The Korean War Created by laura burns, Conner Bgshaw, and dazíer brundidge


On June 25, 1950, the Korean War began when some 75,000 soldiers from the North Korean People’s Army poured across the 38th parallel, the boundary between the Soviet-backed Democratic People’s Republic of Korea to the north and the pro-Western Republic of Korea to the south. This invasion was the first military action of the Cold War. By July, American troops had entered the war on South Korea’s behalf. As far as American officials were concerned, it was a war against the forces of international communism itself.


This armistice signed on July 27, 1953, formally ended the war in Korea. North and South Korea remain separate and occupy almost the same territory they had when the war began.


DMZ: Division of Korea; The DMZ is a de facto border barrier that divides the Korean Peninsula roughly in half. It was created by agreement between North Korea, China and the United Nations in 1953.


  • President Truman in office during this time period

-ordered U.S. forces into South Korea to resist invasion

-sent General Douglas MacArthur to Korea to command U.N. forces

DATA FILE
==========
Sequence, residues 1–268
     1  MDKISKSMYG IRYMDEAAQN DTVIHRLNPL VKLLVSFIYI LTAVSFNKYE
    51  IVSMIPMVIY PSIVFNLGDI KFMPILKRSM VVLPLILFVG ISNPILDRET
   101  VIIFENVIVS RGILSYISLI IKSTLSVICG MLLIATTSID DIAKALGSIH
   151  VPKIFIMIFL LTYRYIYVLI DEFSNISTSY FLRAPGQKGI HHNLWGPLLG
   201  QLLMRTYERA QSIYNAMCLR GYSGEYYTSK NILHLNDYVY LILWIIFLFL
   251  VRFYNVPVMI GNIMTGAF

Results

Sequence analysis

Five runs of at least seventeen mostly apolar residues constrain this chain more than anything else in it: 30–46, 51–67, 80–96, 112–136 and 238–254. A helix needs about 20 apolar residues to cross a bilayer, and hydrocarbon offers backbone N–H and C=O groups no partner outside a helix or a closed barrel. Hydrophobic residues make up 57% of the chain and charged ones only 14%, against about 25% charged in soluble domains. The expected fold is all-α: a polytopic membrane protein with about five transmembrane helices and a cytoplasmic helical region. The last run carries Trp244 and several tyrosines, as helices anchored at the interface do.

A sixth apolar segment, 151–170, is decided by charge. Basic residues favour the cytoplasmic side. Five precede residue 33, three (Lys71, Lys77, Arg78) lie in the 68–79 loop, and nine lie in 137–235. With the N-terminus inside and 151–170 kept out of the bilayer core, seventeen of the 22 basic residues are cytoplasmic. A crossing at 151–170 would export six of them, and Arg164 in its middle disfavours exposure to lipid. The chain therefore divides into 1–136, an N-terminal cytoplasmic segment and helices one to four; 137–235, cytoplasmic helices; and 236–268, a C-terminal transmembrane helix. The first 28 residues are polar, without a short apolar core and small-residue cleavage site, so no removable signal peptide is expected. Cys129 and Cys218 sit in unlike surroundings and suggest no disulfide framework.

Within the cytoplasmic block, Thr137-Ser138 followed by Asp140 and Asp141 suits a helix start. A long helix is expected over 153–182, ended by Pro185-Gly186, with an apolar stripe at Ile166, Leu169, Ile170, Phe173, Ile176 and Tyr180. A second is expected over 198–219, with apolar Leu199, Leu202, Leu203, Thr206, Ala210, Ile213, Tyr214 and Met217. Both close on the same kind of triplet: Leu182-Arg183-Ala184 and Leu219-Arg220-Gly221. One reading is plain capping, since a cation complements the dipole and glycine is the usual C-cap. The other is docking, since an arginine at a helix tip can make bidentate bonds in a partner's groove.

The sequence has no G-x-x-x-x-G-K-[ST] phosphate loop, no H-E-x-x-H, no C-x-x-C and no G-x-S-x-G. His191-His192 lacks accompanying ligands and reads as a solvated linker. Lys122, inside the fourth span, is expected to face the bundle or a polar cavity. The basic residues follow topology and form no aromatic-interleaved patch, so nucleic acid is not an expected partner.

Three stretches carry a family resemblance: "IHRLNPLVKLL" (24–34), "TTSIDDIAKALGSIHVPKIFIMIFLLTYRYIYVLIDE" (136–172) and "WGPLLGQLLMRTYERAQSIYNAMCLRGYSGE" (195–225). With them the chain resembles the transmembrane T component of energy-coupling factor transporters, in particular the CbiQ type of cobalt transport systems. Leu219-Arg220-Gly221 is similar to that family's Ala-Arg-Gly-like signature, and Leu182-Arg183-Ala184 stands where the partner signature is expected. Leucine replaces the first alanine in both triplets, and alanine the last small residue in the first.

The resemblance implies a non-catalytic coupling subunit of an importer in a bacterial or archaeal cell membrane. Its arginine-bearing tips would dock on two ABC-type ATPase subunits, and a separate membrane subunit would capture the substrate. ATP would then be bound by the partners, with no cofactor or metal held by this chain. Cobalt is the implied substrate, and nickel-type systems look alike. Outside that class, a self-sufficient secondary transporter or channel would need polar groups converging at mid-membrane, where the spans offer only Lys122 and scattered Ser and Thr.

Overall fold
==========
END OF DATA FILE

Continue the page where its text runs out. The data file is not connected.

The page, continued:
- wanted to liberate China from communist control by invading China

  • Dwight Eisenhower was the former commander of Allied forces invading Western Europe on D-Day and was also elected president


  • Truman-MacArthur Controversy: During the invasion of China, MacArthur exclaimed that he was willing to use atomic weapons if needed like the U.S. did to Japan

-As a result from MacArthur criticizing Truman to a congressman and getting the news media involved after Truman refused MacArthur's idea, President Truman relieved MacArthur from his command in order to remain civil.


  • General Douglas MacArthur commanded U.N. forces
  • General Harrison Jr. signed the armistice ending the Korean War


Created with images by Old Guard Museum - "1958-05-Funeral for World War II and Korean War Unknowns-01" • Marine Corps Archives & Special Collections - "1st Marine Division Flamethrower, 5 May 1951" • Marine Corps Archives & Special Collections - ""Reading the Letter in a Foxhole in Korea""

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